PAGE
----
May 17, 2020

BlackBerry launches Cybersecurity Consulting services

blackberry
GDPR
General data protection regulation
Cybersecurity
Jonathan Dyble
2 min
Cybersecurity
Canadian technology giant BlackBerry has announced the launch of its new general data protection regulation (GDPR) and automotive Cybersecurity Consulti...

Canadian technology giant BlackBerry has announced the launch of its new general data protection regulation (GDPR) and automotive Cybersecurity Consulting services, aimed at mitigating public security risks.

GDPR will be introduced by the European Union in May 2018, demanding major changes to the ways organisations utilise and store personally identifiable information (PII). Within the launch of its new cybersecurity services, BlackBerry will provide businesses with guidance through the transitional process.

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"Having been engaged with the EU Justice Directorate-General since 2012, we understand the GDPR requirements and have developed expertise to help address the full range of GDPR implications for enterprises, from situational assessment to offering Data Protection Officer (DPO)-as-a-service," said Carl Wiese, Global Head of Sales, BlackBerry. 

Further, in line with BlackBerry’s recent inroads into the automotive vehicle market having partnered with Delphi on the development of automated software last month, BlackBerry is offering a new service that will look to eliminate security threats posed to autonomous and connected vehicles.

BlackBerry estimates that with there already being 112mn connected vehicles around the world, the global market for automotive cybersecurity will grow to $759mn by 2023.

"When it comes to connected cars, there is no safety without security," Weise continued.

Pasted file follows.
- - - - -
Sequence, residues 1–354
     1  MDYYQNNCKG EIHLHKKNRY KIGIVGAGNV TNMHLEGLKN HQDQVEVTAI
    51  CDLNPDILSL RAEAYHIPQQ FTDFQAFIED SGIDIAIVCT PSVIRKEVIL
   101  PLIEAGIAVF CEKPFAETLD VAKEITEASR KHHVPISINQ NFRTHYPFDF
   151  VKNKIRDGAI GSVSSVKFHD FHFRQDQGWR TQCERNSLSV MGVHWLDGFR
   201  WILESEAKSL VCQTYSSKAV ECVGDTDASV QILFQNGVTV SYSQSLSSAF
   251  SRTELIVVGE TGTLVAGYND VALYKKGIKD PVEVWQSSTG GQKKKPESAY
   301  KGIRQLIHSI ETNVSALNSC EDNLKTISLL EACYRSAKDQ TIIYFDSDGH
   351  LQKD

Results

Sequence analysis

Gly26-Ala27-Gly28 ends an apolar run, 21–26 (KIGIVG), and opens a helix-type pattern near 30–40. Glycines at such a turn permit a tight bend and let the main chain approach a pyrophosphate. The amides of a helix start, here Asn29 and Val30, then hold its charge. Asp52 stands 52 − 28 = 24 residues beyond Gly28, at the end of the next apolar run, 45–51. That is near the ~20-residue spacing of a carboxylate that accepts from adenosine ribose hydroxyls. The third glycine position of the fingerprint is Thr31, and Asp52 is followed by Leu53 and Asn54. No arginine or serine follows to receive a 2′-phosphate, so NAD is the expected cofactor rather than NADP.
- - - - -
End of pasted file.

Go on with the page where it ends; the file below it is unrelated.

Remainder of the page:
"BlackBerry's cybersecurity consulting practice builds on decades of experience in information security, data protection and cyber-resilience to support our clients in protecting their most valuable assets. As hacking evolves and new threats arise, our new cybersecurity consulting services will help play a critical role in the development of secure connected and autonomous vehicles."

BlackBerry will work with Spring Cloud, a prominent supplier of AI driving platforms in South Korea, becoming the first partner on its new cybersecurity consulting service initiative.

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Jul 26, 2021

China announces 6-month campaign to clean up apps

Technology
China
Data
apps
2 min
China’s crackdown on tech companies seems to be expanding as the country’s industry minister launched a six-month campaign to clean up internet apps

A 6-month campaign has been announced by China’s industry minister, to clean up what it says are serious problems with internet apps violating consumer rights, cybersecurity and “disturbing market order.” 

In an online notice the Ministry of Industry and Information Technology said that, among other things, companies must fix pop-ups on apps that deceive and mislead users or force them to use services they might not want.

The order is all part of a wider effort to crack down on tech industries and police use of personal information. Authorities have recently ordered fines and other penalties for some of China’s biggest tech companies.

Earlier this month, the Cyberspace Administration of China (CAC) ordered online stores not to offer Didi's app, saying it illegally collected users' personal data. The company’s shares have now fallen by more than 40% since making its New York Stock Exchange debut on 30 June.

 

The latest campaign in the tech crackdown

 

The ministry launched this latest campaign with a teleconference call on Friday and issued its 15th list of dozens of apps it has said require fixing on Sunday. 

There are 22 specific scenarios it has said require ‘rectification’, among which the ministry mentioned pop-up windows as a specific problem, especially when all the screen of a pop-up window is a jump link with a false close button.

Other various problems it highlighted were threats to data security due to a failure to encrypt sensitive information while it is being transmitted, and failure to obtain users' consent before providing data to other parties; and malicious blocking of website links and interference with other companies products or services. 

It also took aim at illegal broadband networks, which it called “black broadband" that failed to conform to website filing procedures or might be subletting or using illegal access to networks.

Regulators have been stepping up enforcement of data security, financial and other rules against scores of tech companies that dominate entertainment, retail, and other industries.

 

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